Less than three months after allowing the Biden administration to temporarily reinstate a rule by the Bureau of Alcohol, Tobacco, Firearms, and Explosives regulating “ghost guns,” the Supreme Court blocked a ruling by a federal judge in Texas that would have prevented the government from enforcing the rule against two manufacturers of gun parts. Appealing to the justices to act, U.S. Solicitor General Elizabeth Prelogar had urged the court not to “tolerate such circumvention of its orders.”
Ghost guns are firearms without serial numbers that virtually anyone can assemble from parts, often purchased in a kit. In 2022, the ATF issued a rule to make clear that federal laws governing the sale of firearms – requiring, for example, background checks for purchases and imposing recordkeeping obligations – apply to ghost guns.
On June 30, U.S. District Judge Reed O’Connor barred ATF from enforcing the rule anywhere in the United States. The U.S. Court of Appeals for the 5th Circuit narrowed the scope of O’Connor’s order but declined to put it on hold while the government appealed. That prompted Prelogar to come to the Supreme Court in July, telling the justices that O’Connor’s order was “irreparably harming the public and the government by reopening the floodgates to the tide of untraceable ghost guns flowing into our Nation’s communities.”
By a vote of 5-4, the Supreme Court on Aug. 8 granted the government’s request to be able to enforce the rule while litigation continued in the lower courts. Justices Clarence Thomas, Samuel Alito, Neil Gorsuch, and Brett Kavanaugh indicated that they would have allowed the ban on enforcement of the rule to continue.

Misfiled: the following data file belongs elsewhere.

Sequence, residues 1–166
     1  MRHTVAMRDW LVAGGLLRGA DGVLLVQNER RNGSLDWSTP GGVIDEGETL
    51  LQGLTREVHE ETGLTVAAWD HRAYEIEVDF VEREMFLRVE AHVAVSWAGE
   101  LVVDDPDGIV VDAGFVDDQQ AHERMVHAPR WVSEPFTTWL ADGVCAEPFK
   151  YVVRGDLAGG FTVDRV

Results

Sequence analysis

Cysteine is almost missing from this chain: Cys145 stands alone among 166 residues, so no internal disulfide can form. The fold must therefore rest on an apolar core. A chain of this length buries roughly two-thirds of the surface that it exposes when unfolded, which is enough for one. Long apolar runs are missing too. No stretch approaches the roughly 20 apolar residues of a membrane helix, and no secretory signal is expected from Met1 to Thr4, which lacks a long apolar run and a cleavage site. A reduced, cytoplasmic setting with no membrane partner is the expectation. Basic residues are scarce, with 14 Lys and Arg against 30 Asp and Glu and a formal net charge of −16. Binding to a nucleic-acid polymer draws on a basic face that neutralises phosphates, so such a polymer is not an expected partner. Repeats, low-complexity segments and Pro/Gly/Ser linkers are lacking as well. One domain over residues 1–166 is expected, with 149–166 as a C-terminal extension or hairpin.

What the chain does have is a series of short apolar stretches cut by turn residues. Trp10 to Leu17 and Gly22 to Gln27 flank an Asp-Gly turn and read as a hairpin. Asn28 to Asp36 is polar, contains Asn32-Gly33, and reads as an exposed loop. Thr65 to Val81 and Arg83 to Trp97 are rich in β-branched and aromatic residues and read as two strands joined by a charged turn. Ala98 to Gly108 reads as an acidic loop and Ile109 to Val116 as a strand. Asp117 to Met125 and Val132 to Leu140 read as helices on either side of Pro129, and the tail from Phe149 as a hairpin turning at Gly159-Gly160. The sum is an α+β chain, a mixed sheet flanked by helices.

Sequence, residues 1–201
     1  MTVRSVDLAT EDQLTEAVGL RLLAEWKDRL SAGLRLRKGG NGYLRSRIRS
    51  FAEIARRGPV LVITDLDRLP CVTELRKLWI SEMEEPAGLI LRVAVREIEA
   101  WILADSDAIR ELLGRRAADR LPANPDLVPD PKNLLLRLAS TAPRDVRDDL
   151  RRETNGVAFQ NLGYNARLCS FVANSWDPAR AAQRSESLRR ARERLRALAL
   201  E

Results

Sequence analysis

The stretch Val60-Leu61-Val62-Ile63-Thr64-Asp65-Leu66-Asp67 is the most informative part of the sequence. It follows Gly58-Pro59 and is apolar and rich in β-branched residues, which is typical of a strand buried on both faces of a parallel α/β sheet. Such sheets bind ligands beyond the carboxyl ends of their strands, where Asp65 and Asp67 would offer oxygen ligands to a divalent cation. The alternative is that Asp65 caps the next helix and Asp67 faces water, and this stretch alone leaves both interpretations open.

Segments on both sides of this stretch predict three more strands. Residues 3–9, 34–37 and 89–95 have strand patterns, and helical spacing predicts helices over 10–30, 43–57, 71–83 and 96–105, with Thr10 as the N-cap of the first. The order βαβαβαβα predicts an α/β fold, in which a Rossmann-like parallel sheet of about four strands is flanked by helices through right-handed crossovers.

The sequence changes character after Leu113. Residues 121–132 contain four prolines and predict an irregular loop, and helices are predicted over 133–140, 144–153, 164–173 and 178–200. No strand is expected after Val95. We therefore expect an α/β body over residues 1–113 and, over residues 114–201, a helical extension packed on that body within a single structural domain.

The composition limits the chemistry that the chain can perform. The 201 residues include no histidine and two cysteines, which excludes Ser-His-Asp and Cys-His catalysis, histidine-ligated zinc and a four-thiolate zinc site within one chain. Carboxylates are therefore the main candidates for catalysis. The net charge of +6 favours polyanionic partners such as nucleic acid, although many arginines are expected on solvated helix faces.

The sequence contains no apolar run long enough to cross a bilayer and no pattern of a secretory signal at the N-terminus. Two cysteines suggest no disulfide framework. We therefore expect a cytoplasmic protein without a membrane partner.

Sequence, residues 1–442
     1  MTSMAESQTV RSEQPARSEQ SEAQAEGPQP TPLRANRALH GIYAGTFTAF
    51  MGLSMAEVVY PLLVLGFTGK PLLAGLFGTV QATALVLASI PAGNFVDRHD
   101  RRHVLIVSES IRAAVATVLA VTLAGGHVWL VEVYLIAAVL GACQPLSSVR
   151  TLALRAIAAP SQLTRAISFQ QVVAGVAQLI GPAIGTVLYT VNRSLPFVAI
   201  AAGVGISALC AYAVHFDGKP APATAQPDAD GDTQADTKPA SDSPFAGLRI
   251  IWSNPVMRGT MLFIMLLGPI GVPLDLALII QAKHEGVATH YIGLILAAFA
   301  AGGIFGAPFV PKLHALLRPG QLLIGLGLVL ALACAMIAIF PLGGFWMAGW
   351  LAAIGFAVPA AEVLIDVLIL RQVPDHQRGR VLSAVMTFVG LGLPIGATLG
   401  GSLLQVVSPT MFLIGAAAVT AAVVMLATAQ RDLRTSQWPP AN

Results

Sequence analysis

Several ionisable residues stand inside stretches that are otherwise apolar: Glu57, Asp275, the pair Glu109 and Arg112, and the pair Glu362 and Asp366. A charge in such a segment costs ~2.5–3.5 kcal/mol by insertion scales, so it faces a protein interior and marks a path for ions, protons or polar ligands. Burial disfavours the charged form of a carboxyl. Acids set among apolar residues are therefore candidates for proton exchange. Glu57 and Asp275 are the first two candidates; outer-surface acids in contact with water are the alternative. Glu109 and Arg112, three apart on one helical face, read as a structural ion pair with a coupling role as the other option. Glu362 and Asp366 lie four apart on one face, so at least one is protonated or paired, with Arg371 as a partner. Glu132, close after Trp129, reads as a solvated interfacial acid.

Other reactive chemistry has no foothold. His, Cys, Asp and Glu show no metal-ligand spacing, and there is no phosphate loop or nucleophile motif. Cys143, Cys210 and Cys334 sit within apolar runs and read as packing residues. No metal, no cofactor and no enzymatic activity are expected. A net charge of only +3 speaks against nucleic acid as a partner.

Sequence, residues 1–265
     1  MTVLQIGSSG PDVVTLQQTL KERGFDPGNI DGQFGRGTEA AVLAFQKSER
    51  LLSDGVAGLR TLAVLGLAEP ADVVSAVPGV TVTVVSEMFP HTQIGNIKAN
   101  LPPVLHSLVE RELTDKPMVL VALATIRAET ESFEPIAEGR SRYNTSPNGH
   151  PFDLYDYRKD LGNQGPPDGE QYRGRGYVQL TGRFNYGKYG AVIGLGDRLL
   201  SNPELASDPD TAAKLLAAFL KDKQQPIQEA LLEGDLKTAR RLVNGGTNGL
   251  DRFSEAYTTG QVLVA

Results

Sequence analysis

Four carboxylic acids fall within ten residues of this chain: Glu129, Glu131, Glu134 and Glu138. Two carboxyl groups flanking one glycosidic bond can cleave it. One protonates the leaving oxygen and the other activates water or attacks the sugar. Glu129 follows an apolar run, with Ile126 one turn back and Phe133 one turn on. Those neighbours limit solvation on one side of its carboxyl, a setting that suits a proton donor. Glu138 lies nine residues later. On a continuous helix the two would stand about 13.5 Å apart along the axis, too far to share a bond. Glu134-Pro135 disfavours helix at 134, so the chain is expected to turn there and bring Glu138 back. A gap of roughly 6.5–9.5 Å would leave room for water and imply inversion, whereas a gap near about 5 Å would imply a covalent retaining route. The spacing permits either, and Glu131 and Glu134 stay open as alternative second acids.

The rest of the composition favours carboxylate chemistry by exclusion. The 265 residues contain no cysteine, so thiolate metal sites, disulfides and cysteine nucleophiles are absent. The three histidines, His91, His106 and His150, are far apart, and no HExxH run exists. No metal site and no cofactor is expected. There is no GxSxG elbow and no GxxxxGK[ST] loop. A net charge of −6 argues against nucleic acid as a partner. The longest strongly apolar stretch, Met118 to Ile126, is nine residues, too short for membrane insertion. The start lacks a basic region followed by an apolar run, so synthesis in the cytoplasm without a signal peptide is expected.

Shortly after the Supreme Court’s Aug. 8 order, two of the original challengers – Blackhawk Manufacturing and Defense Distributed – returned to the district court, seeking an injunction that would bar the government from enforcing the rule against them while the appeal continued. O’Connor granted that request on Sept. 14, and the 5th Circuit upheld O’Connor’s order on Oct. 2.
The Biden administration returned to the Supreme Court three days later, asking the justices to intervene again. The Supreme Court’s Aug. 8 order, Prelogar wrote, “reflects an authoritative determination that the government should be allowed to implement the Rule during appellate proceedings.” If the Supreme Court does not block O’Connor’s order, Prelogar warned, “untraceable ghost guns will remain widely available to anyone with a computer and a credit card – no background check required.” And more broadly, she added, the court should step in because the lower courts “have effectively countermanded this Court’s authoritative determination” that the Biden administration should be able to enforce the rule nationwide while its appeal continues.
Defense Distributed countered that O’Connor’s Sept. 14 order provided a different remedy than his June 30 order: While the earlier order vacated the rule, so that it effectively did not exist anywhere in the country, O’Connor’s Sept. 14 order simply barred the government from enforcing the rule against Blackhawk and Defense Distributed.
In light of this difference, Blackhawk emphasized, the company had no choice but to go back to the district court to seek relief “to preserve its ability to stay in business” until the litigation is concluded.
On Oct. 6, Justice Samuel Alito, who handles emergency appeals from the 5th Circuit, issued a temporary stay of O’Connor’s ruling, until 5 p.m. on Oct. 16, to give the Supreme Court time to consider the Biden administration’s request. In a brief, unsigned order issued shortly before 4:30 p.m. on Monday, the justices vacated O’Connor’s order, clearing the way for the Biden administration to enforce the rule against Blackhawk and Defense Distributed for now. There were no public dissents from the court’s order.
This post is also published on SCOTUSblog.